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    Horn Ok Please, inspired by the highways of India, adds lovely twists to desi food

    am frankly quite tired of experiments with food. Give me something new, and my tastebuds are like a happy puppy, but when that new turns into a damp squib, my head hits the wall without much instigation. Fortunately, Horn OK Please saved me from that.
    A kitschy bar, drawing inspiration from the rustic décor and culture of highway dhabas — note the customised Hollywood meets Bollywood art on the wall — the food here might look a little different, probably because they are served in cake tins etc, but they taste just fine — tasty, and wholesome. The India-inspired cocktails are impressive too; the ‘mirchi da passion’ (whisky, chilli, passionfruit juice, Cointreau) with the subtle bite of the chilli is in serious competition with the refreshing ‘body cooler’ (light rum, sugar cane juice, jal jeera, coriander). In fact, the latter is good even without the rum.
    Glancing over the section that says ‘stuffed poori’, my eyes nearly rolled to the back of my head when I saw the ‘murg malai marke’. But it works — creamy chicken, flavoured beautifully, stuffed inside a mini poori. Who would have thought!
    Try the ‘pathar late than never’, which is pathar kebab rolled in a roomali roti, and cut into bite-sized portions. The meat is not overspiced, and even though I would have liked it to be a little more tender, the fact that I can taste meat more than the seasoning is good enough for me. And while ‘stud ka tadka chicken’, taken from the Hyderabadi green chilli chicken, wasn’t cooked all the way, the ‘Popeye da vada’, spinach and Bengal gram vadas, made up for it.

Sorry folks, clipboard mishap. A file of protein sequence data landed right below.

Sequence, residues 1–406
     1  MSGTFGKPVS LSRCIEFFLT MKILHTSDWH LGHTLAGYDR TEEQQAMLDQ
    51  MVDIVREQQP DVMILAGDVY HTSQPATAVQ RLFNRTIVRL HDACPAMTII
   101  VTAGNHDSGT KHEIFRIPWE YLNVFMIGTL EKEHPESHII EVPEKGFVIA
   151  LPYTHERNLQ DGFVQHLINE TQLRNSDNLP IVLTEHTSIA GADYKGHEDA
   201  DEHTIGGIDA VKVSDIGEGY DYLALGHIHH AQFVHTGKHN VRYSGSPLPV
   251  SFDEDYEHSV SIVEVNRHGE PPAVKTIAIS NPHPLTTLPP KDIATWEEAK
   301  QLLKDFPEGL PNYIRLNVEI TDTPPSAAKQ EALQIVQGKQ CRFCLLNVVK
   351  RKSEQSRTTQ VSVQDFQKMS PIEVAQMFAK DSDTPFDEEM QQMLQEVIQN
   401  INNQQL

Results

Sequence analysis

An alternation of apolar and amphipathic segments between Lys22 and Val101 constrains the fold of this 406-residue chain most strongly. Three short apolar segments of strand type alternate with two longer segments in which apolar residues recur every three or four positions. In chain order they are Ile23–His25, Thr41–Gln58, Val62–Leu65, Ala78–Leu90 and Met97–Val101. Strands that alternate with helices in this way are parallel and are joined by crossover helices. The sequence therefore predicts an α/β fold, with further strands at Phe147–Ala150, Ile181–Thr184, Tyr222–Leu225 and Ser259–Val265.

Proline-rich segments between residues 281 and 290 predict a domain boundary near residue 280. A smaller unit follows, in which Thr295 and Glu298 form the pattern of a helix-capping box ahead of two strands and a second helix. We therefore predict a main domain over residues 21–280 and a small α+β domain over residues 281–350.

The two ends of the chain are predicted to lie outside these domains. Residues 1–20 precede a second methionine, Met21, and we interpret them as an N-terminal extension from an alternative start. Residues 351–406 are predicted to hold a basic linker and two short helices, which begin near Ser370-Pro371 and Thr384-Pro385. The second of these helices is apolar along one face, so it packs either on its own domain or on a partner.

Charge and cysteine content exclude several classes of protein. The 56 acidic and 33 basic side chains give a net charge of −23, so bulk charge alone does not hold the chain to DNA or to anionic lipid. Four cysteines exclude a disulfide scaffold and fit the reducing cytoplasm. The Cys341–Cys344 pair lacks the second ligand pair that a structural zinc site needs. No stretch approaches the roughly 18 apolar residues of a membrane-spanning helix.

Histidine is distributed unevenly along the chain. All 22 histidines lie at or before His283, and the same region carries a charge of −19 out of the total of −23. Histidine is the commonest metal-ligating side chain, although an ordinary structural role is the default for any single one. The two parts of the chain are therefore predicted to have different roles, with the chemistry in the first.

For those who prefer to drink their food, I don’t suppose they’d veer towards the mains much. But they do have more than a good thing or two on the menu. For instance the ‘sarson ka suhaag raat’, one of the best I have had in the city, despite having the cheesiest name ever. I’m also keeping my fingers crossed that they don’t resort to using tinned sarson once the season comes to an end. And then there is the beautifully cooked ‘jheenga-loo’ — prawns cooked in spicy Goan gravy, and served with fragrant coconut rice.
    Had it been thinner, and served cold, the ‘nahreal’, made with tender coconut, would have been pretty close to the elaneer payasam. This one doesn’t work. Sadly none of the other desserts appealed to me. I’d go back — to try more of the food, and some of the other cocktails — and each time I do I am going to like the names on the menu a little less. That is perhaps my only bone of contention at the moment — the names are way too dramatic for my taste.


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